Once the needed supplies are laid in, the next step of the seasonal ritual begins.. the one of packing all personal possessions into bags and boxes. It is one of science's most enigmatic mysteries as to how the physics of this process works. The quantities packed seem to take up such a mass as to not fit into the significantly smaller seasonal migratory dwellings. How the animal eventually stores their possessions away into such limited space has yet to be solved, though if it were, it could have vast implications for personal storage business.

This playing with physics of space continues as the next step of the migratory practice continues. In order to actually migrate, the animals must now store all of their boxes and bags into a vehicular conveyance. The distances traveled are often great and personally carrying said possessions would be an impossibility. Those species which migrate the greatest distances seem to have modified this behavior somewhat. For those that travel greater distances, not all possessions seem to be carried back and forth. Instead a small token amount seem to be transported and the rest are safely tucked away in a secure location until the next swing of the migration continues.

Those species who travel shorter distances have not developed this habit of leaving behind some possessions and instead transport everything back and forth between the two habitats twice a year. Scientists are still working to discover what causes the differentiation in the species. That is, why do some animals choose to migrate long distances while others choose to simple move to another side of town. Studies are still in progress to discover the cause and it is hopeful that some type of prediction criteria with be forth coming.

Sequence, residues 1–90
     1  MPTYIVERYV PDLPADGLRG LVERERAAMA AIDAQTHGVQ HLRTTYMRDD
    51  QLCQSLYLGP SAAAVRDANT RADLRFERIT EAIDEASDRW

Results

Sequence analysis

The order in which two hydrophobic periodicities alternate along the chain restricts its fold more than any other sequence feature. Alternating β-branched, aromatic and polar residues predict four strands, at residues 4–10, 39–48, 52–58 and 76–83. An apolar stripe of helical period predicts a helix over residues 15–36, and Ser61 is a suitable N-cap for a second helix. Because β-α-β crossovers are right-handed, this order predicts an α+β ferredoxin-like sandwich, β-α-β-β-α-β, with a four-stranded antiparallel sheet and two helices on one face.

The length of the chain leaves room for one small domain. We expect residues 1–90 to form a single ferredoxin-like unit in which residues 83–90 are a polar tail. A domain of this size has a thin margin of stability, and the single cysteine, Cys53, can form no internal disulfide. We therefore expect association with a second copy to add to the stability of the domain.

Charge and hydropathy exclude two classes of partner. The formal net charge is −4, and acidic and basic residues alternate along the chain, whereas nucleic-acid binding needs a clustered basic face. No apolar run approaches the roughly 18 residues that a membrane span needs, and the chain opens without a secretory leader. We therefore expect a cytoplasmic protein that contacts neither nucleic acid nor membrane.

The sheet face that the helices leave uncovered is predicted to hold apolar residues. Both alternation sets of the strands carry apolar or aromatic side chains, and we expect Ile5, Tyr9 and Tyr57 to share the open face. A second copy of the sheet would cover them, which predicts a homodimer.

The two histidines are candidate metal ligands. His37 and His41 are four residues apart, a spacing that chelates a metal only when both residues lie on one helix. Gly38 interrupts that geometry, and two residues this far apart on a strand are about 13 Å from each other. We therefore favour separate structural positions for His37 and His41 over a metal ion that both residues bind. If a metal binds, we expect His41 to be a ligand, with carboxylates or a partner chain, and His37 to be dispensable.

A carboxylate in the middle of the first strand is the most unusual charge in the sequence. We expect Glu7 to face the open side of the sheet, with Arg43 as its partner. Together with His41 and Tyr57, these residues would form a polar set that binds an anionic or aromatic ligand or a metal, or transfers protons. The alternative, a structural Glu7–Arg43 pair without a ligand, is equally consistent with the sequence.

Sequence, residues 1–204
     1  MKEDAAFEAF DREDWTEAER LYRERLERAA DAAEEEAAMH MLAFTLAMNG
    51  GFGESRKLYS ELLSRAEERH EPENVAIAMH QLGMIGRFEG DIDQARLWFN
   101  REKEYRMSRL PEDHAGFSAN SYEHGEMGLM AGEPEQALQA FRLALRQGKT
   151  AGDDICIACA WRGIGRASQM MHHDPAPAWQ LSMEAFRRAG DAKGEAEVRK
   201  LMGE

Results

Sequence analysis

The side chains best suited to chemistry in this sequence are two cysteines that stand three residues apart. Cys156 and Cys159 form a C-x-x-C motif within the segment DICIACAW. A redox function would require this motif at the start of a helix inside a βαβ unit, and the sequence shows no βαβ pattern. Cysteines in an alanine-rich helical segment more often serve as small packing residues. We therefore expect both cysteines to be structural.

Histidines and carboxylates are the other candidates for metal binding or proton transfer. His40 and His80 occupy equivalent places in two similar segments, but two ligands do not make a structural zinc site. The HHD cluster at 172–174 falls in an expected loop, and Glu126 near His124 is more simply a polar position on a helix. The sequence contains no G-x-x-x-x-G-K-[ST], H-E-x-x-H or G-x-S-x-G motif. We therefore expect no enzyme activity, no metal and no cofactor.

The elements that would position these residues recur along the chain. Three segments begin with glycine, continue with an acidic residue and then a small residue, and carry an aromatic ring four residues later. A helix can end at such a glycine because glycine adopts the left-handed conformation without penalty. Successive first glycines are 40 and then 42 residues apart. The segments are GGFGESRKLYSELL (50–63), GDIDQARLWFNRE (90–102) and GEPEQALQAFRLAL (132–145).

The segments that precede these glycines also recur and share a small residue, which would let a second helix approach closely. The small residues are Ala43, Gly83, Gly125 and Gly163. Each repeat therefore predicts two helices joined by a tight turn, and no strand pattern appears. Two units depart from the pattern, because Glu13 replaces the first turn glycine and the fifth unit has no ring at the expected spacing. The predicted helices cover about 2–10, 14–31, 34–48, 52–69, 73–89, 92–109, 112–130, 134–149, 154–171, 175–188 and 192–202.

The penultimate step in the annual migratory pattern is that of the leave taking. The collegium discipulo, anxious to return to the migratory habitat, gives quick hugs and kisses to the non-migratory family members and enters the vehicular conveyance. One of the non-migratory members seems to be necessary and makes the initial voyage with the migratory members. The difference is no possessions are transported for this member and the appointed member returns as soon as the possessions are appropriately stowed.

As the family members live apart, life seems to go as normal for both parties, though communication continues between the two. The season of living apart is a longer time period than the living together period, encompassing the cooler months. As the weather warms, you can expect to see signs of migration once more. The difference is that the acquisition of supplies does not seem to be needed for this part, but does seem to require a significant amount of soiled laundry in order for the return migration to occur.